As a new round of budget talks gets underway in Congress, special education advocates are sounding the alarm about big cuts that may be on the horizon.

Preliminary figures from the U.S. House of Representatives Committee on Appropriations indicate that education programs could be slashed by nearly 20 percent for the fiscal year beginning Oct. 1, partly as a result of the sequester, the across-the-board spending cuts that took effect in March.

Though detailed proposals have yet to be released, the Council for Exceptional Children — which lobbies on behalf of special educators — is estimating that such cuts would mean more than $2 billion less for programs under the Individuals with Disabilities Education Act.

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“When you see these figures in black and white, it’s pretty stunning,” said Lindsay Jones, senior director for policy and advocacy at CEC. “I don’t know how (schools) could withstand it.”

The level of cutbacks proposed is drawing concern from the broader education community.

In a letter to lawmakers on the House Appropriations Committee last week, 10 education groups including the National Education Association and the National School Boards Association banded together to ask the panel to reject what they called “devastating cuts.”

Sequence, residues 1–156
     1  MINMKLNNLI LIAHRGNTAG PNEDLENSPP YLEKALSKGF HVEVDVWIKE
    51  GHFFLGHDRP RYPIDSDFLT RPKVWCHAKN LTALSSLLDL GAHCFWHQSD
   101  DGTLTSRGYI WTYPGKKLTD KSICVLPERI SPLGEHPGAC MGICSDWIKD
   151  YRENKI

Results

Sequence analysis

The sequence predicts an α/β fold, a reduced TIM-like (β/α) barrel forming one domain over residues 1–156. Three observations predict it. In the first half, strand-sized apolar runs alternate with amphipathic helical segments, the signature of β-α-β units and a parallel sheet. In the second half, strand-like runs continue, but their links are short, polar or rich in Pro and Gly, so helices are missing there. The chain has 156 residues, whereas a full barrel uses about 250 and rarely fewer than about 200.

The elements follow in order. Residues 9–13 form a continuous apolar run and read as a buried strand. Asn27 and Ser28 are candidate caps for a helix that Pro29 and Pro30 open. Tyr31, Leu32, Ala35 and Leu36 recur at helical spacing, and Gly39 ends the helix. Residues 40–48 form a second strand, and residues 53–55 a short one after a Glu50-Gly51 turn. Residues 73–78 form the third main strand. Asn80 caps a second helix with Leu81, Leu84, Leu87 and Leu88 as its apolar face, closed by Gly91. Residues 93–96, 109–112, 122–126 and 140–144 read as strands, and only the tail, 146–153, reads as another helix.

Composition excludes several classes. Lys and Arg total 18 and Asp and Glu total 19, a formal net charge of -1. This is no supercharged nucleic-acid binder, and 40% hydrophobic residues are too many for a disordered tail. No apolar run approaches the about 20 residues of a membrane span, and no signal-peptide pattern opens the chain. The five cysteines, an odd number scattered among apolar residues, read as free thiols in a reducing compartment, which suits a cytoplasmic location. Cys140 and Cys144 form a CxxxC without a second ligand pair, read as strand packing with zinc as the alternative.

“These extreme cuts in funding to all education programs will hurt all students, and many of those with disabilities will be hurt twice and three times over because of the across-the-board cuts to education programs,” they wrote.

Meanwhile, Rep. John Kline, R-Minn., who chairs the House education committee, wrote to his colleagues to ask that they support an increase in federal funding for special education programs.

So far, no figures have been released from the U.S. Senate and CEC’s Jones said she expects the two panels’ proposals to be far apart, which may mean significant negotiations lie ahead.

“We’re extremely worried,” she said.

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